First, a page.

Fizz-ics Propels Us Forward

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Physics Puzzler

Fizz-ics Propels Us Forward


Dr. Brad R. Conrad, SPS and Sigma Pi Sigma Director

Puzzler: If a car was powered by using Mentos and Diet Coke for thrust, how many 2-L bottles would it take to go a kilometer?

What are we even talking about? Well, you are one brief internet search away from hundreds of thousands of related videos, some of which are super cool. The phenomenon of dropping candy Mentos into Diet Coke for an explosive foam geyser has been featured in MythBusters,2 many YouTube science channels,3 and even in music videos.4 This goes beyond a simple internet meme; we’re talking hard-core science about why Mentos, in particular, work so well at inciting a foam explosion5—surface roughness and a little chemistry are the main culprits—and there are even studies on the effects of altitude. At higher altitudes, you get more foam from the same reaction.6

The Effect

We know that carbon dioxide is dissolved in the soda at high concentrations. When Mentos are dropped into the soda, the rough surface of the candy acts as many bubble nucleation sites for the carbon dioxide. Furthermore, surfactants in the candy (such as the gum Arabic) reduce the energy necessary to form bubbles, which speeds up bubble formation. The net result is that as the candy falls through the soda, carbon dioxide is released extremely quickly in the form of foam rushing out of the bottle, as seen in Fig. 1. If you add more Mentos, the effect is larger.

 carbonated water (Perrier), Classic Coke, Sprite, and Diet Coke. The background green marks denote 0.5 m of separation. Unaltered image by K. Shimada1 (CC BY-SA 3.0). (Right) Sketch of foam center of mass and measurements. Figure 2. Sketch of starting information and equations. Figure 3. Notes on thrust and momentum. Images by Brad R. Conrad.

The Puzzle

From watching some of the many Mentos and Diet Coke videos available online, I estimate that soda will spray at its farthest about 5 meters horizontally (if ~1 meter off the ground), or as high as 10 meters vertically,7 at room temperature. From the published papers (yes, there are some!) I estimate at least 1.3 kg of mass loss from each 2-L bottle.5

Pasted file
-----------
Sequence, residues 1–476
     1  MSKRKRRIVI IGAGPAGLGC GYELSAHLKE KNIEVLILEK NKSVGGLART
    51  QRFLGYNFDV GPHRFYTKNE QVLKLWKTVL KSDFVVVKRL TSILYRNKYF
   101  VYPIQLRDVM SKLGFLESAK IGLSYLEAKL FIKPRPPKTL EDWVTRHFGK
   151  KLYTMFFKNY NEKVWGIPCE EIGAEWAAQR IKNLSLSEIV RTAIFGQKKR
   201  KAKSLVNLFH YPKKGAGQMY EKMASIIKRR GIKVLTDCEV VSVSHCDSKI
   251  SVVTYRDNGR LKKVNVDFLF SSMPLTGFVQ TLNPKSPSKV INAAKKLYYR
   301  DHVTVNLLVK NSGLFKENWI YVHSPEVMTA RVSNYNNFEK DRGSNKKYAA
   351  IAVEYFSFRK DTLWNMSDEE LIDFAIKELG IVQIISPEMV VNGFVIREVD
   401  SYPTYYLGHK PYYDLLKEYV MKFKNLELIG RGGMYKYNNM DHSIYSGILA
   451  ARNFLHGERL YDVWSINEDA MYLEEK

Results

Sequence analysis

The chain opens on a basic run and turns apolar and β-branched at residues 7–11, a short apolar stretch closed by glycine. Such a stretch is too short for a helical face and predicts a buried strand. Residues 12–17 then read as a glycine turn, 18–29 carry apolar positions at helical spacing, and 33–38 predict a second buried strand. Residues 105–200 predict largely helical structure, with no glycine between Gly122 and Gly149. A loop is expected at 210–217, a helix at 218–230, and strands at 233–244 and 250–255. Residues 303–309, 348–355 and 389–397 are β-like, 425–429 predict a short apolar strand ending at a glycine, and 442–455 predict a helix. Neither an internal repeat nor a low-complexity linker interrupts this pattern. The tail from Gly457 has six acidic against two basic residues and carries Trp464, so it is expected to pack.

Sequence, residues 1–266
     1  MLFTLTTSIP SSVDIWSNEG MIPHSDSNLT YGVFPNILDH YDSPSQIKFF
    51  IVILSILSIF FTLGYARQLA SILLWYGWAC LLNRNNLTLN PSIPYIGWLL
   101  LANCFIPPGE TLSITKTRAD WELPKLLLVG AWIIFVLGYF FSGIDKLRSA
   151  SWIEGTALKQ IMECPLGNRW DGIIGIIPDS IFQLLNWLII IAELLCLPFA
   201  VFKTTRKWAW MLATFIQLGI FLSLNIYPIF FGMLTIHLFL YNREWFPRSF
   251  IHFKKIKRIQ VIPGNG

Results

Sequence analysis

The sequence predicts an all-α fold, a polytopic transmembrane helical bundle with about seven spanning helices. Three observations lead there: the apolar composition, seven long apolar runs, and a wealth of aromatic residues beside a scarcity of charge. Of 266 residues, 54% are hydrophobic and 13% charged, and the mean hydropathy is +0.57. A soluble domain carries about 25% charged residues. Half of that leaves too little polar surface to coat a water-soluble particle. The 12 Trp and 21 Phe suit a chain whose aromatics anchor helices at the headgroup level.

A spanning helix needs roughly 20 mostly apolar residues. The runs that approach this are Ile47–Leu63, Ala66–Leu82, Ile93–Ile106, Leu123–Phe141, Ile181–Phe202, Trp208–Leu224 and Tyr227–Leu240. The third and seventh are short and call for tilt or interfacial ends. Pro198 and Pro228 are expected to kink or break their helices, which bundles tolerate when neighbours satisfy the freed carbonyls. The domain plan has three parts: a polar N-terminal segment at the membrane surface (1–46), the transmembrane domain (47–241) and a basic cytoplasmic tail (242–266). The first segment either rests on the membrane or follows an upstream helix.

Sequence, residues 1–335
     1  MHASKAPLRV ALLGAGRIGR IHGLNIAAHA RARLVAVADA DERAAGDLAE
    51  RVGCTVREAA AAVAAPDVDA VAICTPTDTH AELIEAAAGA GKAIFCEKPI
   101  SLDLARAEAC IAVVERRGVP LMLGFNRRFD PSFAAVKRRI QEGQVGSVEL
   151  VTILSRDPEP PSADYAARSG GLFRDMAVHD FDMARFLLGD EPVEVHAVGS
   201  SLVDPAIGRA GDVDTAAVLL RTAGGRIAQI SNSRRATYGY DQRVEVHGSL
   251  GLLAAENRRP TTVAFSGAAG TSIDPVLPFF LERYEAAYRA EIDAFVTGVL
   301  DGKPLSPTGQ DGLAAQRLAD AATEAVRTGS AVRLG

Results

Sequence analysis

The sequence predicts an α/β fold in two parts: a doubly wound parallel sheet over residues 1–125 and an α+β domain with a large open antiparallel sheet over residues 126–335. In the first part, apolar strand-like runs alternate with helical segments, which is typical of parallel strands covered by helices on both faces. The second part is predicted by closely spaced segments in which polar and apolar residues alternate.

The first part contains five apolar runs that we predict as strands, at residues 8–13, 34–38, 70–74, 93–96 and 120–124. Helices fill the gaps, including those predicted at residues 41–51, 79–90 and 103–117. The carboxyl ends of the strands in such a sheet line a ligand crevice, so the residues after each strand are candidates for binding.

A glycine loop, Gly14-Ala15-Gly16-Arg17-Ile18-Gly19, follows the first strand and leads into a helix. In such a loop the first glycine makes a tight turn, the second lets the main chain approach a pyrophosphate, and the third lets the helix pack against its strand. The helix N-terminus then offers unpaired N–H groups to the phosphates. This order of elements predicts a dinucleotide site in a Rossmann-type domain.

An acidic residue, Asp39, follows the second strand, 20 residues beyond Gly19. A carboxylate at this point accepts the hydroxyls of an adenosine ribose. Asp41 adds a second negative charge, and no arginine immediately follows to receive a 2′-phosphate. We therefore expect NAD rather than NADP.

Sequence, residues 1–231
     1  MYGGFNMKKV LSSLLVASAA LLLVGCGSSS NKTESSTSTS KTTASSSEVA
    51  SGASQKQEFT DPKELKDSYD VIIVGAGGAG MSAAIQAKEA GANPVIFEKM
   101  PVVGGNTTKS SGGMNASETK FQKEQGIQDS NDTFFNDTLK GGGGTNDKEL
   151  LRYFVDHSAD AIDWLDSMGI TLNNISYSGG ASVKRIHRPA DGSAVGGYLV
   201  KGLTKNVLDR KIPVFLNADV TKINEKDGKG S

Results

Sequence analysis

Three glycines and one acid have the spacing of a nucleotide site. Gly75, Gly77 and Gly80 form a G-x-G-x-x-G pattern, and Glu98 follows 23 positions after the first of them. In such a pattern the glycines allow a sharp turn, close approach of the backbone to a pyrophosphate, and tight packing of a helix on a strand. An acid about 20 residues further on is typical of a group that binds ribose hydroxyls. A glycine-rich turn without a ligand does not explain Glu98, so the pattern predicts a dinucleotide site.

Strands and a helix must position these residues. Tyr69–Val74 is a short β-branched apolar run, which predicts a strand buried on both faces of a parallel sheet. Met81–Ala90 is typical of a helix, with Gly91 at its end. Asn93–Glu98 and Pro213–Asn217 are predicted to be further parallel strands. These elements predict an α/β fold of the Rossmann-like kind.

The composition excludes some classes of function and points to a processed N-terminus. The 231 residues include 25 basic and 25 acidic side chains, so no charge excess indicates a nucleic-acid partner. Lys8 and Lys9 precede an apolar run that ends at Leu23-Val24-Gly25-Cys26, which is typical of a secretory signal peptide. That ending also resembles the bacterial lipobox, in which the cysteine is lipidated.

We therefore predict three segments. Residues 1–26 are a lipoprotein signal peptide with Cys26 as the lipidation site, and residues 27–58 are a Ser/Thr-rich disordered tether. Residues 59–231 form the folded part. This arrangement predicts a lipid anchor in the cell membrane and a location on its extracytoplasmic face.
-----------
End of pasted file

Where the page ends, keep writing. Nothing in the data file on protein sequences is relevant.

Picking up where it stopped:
As for Mentos propulsion, the logic goes that if the bottles can propel Diet Coke foam several meters in the air and power toy car rockets,8,9 why couldn’t we use them to propel a real car forward? The question is, how can we figure out what it would take? I’ll start you off with just enough physics to get going but let you puzzle out the answer yourself... (Fig. 2).

Hint 1: It turns out that for most problems I could sketch, the dynamics of a car moving are energetically complicated (duh): we have rolling resistance, air resistance, and even hills to deal with.

Is there some way of estimating the average force or total energy needed to move a car a kilometer?

Hint 2: We need to know the average thrust (which is a force) you can get out of a single 2-L bottle, which is definitely related to the total momentum of the foam spray (Fig. 3).

I now leave you with the puzzler for this issue: About how many bottles of Diet Coke (or Mentos) would it take to move a car a kilometer? What assumptions did you have to make? Email us your answers at sps-programs [at]

2. “Diet Coke & Mentos,” Myth Busters,
3. Steve Spangler Science, “Mentos Geyser Science Project,”
4. Weezer – “Pork and Beans” music video,
5. Coffey, T. S., Diet Coke and Mentos: What is really behind this physical reaction? Am. J. Phys. 76, 551 (2008);
6. Kuntzleman, T. S., and Johnson, R., Probing the mechanism of bubble nucleation in and the effect of atmospheric pressure on the candy–cola soda geyser, J. Chem. Educ., 97 (4): 980–985 (Apr. 2020). doi:10.1021/acs.jchemed.9b01177.
7. Science of Mentos–Diet Coke explosions explained, New Sci. (June 2008),
8. This Is How We Bingham, “Coca Cola and Mentos Experiment,”
9. Coke and Mentos Rocket Car, Science World,

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